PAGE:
This report from the OIG delivers a strong message to Chiropractic. If you are one of the many who think that you can get by with hand written notes and with old and outdated methods, you may be in for a big surprise. DBC has been telling Chiropractors for about 7 years that it is time to modernize the way you document clinical care. The full report can be found here: https://oig.hhs.gov/oas/reports/region9/91402033.pdf. I have made my living on Chiropractic for nearly 32 years and I share this with you because I care about the outcome . Here are a couple of excerpts that Chiropractors should pay close attention to. I can already hear some of the protestations like “We don’t see many Medicare patients.” and the like. Statements like this are, of course, utter nonsense and a poor excuse for rationalizing behaviors. Where Medicare goes – the rest of the carriers follow and soon the novel idea of being a cash practice (and losing half of your patients) will become a defacto standard and a reality.
“The chiropractors submitted claims for all 105 services with the AT modifier and initial treatment date, indicating that the services were for active/corrective treatment for subluxation and all documentation required by Medicare was being maintained on file. However, the documentation provided by the chiropractors for 94 services did not support the medical necessity of the services; 37 of these services had more than 90 days (approximately 3 months) between the date of initial treatment and the date of service, which may indicate that the services were maintenance therapy.”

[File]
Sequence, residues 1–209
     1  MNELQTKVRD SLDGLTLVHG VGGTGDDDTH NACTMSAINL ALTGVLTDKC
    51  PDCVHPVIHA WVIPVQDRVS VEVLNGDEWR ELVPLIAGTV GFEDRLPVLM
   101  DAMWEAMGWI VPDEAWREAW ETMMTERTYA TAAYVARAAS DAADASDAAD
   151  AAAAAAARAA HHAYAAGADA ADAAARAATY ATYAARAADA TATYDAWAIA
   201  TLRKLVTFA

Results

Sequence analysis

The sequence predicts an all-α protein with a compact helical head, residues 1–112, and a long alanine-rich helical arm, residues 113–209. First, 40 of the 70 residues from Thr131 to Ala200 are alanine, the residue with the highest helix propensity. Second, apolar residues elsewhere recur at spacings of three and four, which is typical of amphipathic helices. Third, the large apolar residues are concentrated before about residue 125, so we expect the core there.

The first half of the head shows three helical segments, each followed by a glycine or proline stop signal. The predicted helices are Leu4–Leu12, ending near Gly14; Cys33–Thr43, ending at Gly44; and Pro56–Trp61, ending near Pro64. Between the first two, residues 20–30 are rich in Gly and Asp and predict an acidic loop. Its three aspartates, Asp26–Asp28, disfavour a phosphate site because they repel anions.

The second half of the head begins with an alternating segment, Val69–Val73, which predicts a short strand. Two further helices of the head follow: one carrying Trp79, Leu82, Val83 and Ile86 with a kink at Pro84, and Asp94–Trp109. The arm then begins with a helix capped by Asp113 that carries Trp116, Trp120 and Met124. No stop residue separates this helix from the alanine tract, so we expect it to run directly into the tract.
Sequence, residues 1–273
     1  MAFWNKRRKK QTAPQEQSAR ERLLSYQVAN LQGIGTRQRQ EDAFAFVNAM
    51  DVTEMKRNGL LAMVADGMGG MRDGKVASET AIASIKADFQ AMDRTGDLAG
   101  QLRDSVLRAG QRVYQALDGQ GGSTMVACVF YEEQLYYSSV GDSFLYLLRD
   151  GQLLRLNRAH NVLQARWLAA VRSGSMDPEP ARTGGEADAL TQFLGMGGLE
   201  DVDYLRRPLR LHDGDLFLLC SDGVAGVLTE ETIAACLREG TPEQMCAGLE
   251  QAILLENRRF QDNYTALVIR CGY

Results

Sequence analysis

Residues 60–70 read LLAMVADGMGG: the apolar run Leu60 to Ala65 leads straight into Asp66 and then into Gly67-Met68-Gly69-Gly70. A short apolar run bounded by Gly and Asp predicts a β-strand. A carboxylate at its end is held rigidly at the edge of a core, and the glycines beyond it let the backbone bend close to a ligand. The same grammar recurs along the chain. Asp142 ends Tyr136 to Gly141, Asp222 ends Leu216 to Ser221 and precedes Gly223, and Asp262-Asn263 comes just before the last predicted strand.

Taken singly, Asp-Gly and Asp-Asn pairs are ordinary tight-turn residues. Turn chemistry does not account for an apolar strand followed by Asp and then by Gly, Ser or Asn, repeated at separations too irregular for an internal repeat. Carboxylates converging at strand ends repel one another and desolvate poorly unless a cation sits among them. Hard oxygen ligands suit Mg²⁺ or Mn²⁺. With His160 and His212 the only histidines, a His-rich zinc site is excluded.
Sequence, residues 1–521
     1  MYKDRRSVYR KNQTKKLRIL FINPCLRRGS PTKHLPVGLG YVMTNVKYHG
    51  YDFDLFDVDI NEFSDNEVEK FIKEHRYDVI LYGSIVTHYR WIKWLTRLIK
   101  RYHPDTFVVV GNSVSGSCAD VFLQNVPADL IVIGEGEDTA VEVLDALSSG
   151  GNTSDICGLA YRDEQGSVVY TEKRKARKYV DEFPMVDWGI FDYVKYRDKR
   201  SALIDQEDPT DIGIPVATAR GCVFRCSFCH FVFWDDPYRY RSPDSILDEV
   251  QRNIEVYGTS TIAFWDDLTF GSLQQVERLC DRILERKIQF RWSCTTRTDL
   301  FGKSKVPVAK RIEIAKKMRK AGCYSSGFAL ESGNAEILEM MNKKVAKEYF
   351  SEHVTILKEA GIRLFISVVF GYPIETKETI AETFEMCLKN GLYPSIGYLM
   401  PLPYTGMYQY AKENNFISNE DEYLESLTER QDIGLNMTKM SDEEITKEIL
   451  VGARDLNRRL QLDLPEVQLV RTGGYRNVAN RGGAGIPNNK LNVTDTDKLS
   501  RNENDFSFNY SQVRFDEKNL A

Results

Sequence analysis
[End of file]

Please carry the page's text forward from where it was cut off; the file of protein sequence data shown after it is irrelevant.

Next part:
“CMS informed us that there was a system edit to deny claims without the AT modifier. However, our claim data analysis and audit results suggest that chiropractors submitted claims with the AT modifier regardless of whether the services were for active/corrective treatment for subluxation. All but 29 of the more than 17 million chiropractic services included in our review were on claims that had the AT modifier, and of the 105 sampled chiropractic services, 94 were not medically necessary.”
CMS could have saved Medicare an estimated $358,800,549 for CY 2013 if it had had effective controls to ensure that Medicare paid only for chiropractic services that were medically necessary. Strong controls to prevent improper payments for chiropractic services are important to program integrity.
The high payment error rate (82 percent) that we identified in this review demonstrates that additional controls are needed to ensure that chiropractic services paid by Medicare are medically necessary. Further, the increase in payment error rates as the number of services provided to a beneficiary increased also demonstrates the need for additional control